If you're on a PC, Laptop or Tablet hover over the picture to read the back story. If on mobile you can view the picture and may not get the back story
I dotted this picture for a friend who loves Bruce Springsteen more than me. It does feel nice to just give freely for the sake of giving.
I have religiously listened to Bruce my whole life, while this picture quietly tortured me for over a year. If I am such a fan - Why?
Well, first you try dotting a leather jacket as light falls over its intricate folds, it's maddening. Secondly, it’s just a time-consuming copy of a black and white photograph of his Broadway show. Thus, making me the slowest human photocopier on earth, I struggled with the activity. So yea no creativity in it really. But a couple of reflections did bubble up I would like to share.
When I dotted the picture one song that I did listen to over and over again was “Born to Run”. It has always been one of my all-time favourites. I just love it when Bruce screams out “Remember in the end nobody wins unless everybody wins” The values embedded in that statement really resonated with me, there seems to be an ultimate truth in the statement particularly this time in human history.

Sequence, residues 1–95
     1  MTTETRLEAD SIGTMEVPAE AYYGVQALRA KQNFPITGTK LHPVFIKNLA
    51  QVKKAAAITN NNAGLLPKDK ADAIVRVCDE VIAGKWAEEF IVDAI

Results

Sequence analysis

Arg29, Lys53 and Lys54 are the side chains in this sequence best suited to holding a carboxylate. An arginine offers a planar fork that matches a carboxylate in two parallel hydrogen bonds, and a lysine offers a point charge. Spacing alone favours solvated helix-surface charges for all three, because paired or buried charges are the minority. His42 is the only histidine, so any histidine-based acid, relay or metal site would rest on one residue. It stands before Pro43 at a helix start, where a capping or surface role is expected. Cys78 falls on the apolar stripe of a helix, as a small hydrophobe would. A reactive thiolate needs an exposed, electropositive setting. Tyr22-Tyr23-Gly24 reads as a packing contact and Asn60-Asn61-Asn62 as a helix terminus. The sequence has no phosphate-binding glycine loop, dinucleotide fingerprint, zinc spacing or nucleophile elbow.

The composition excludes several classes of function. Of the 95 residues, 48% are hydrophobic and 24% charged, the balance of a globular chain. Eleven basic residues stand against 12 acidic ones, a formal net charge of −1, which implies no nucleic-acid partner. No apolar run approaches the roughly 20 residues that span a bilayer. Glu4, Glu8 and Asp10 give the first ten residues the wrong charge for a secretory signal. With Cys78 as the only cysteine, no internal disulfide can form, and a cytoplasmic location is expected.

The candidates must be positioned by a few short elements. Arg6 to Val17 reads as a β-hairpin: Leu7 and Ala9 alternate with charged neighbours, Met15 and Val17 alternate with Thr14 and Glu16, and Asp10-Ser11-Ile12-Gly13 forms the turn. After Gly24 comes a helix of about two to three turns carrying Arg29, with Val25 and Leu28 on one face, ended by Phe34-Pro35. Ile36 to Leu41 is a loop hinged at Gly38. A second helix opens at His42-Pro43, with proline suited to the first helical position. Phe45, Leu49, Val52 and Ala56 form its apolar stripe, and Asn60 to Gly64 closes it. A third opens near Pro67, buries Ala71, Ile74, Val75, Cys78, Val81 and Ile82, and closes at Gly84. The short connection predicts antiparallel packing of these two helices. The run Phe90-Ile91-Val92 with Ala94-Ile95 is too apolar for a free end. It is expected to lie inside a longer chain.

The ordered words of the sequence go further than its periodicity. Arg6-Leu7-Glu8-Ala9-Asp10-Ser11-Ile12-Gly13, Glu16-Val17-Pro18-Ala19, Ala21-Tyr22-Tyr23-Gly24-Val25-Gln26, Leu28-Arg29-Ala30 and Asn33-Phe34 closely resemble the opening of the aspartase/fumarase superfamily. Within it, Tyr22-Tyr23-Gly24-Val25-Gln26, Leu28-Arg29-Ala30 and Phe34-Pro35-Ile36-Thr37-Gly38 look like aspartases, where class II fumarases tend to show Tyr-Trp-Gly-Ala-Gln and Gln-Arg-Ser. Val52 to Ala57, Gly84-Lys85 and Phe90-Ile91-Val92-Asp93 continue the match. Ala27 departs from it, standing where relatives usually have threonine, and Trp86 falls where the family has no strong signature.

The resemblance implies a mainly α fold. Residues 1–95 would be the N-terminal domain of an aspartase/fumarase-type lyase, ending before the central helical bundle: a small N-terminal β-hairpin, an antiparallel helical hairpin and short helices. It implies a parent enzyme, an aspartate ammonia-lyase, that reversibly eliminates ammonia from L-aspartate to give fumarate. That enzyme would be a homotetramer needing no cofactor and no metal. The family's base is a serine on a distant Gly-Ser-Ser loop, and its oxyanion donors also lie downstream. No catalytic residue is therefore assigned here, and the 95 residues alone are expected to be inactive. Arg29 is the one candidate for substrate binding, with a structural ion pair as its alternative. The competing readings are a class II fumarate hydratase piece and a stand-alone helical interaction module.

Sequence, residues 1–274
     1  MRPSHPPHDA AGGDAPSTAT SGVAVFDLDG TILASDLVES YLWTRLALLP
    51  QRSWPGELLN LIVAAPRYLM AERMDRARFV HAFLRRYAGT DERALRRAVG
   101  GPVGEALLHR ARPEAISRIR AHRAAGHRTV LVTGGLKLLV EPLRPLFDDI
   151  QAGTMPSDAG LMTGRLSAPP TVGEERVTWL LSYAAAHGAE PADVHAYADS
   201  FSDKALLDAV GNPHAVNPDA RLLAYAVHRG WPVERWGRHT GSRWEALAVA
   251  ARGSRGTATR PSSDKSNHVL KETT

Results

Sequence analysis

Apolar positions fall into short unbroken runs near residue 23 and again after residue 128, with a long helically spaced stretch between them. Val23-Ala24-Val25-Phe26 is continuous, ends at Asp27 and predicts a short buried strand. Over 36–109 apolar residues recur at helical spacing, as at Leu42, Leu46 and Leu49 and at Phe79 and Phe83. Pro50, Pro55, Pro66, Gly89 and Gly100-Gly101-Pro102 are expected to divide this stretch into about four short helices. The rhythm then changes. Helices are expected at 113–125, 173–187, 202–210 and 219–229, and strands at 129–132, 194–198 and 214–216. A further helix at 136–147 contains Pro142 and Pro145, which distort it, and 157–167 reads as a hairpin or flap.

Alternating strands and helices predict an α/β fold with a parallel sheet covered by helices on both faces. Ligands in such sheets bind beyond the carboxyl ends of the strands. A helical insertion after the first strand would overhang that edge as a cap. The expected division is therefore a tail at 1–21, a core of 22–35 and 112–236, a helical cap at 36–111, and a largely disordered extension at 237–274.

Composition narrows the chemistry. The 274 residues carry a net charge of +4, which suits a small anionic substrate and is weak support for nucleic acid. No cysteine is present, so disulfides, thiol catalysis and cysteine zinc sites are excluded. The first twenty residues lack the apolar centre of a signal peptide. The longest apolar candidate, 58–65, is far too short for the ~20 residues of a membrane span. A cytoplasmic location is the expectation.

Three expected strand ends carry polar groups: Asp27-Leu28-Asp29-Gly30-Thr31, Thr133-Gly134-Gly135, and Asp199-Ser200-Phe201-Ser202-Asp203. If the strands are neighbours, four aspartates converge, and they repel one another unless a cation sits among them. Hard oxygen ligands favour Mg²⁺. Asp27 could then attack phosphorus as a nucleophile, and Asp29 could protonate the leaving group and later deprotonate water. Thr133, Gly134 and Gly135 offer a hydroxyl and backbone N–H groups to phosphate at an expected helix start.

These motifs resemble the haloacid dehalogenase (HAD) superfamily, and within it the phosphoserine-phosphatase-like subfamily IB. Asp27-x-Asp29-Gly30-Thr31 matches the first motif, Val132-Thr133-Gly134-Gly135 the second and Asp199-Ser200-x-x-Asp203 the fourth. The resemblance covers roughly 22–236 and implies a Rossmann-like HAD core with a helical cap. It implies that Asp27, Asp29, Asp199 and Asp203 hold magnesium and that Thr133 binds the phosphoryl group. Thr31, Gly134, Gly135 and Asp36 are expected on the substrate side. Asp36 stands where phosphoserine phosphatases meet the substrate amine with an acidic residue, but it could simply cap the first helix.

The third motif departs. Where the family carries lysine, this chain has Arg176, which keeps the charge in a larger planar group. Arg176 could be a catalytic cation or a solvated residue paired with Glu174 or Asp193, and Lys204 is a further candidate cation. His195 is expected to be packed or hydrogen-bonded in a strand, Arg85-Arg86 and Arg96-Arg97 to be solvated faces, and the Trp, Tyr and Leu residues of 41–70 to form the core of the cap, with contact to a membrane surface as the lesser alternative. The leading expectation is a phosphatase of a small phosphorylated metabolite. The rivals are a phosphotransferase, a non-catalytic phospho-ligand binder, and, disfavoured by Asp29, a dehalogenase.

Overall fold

I think we exist in a time and context where …everyone winning is difficult. The world is bubbling and boiling with complexity and driving change. The pandemic, global warming, weather events, ubiquitous technology, rogue political leaders, and the growing equality have made having a functional society the most difficult thing to achieve. Particularly when its citizens scream with divergent belief systems and answers on social media.
Bruce’s sentiment does make me ask that question what my contribution so that …everyone wins. Or is it just another delusional idealism for do-gooders?
I have concluded winning (aka citizens feeling part of, contributing and having purpose and meaning) is central to a functional society. In some ways, careers works do make a significant contribution to a functional society. Giving the individual or group that opportunity to consider what does winning mean for them and how can they achieve that is so important – when people must navigate such a complex world.
Anyway, the picture is done, dotted, and given. But I do want to announce the importance of career work to a functional society. This is not idealism, hope and aspiration are important to well-being. There is enough international evidence to support that statement. I really do hope that funders get that, particularly for those who are the most marginalised. I believe it is central and requires sustainable funding in the long term as New Zealand and its citizens will continue to readjust and find new paths in this sea of change. Careers is an individual and public good.
I am now keen to focus on projects where I can put my creative spin on things. But I will always consider how I can make a contribution. I would also like to acknowledge my fellow career practitioners who work around the country in assisting others, so everyone wins. It’s a big challenge but such a noble cause to be associated with.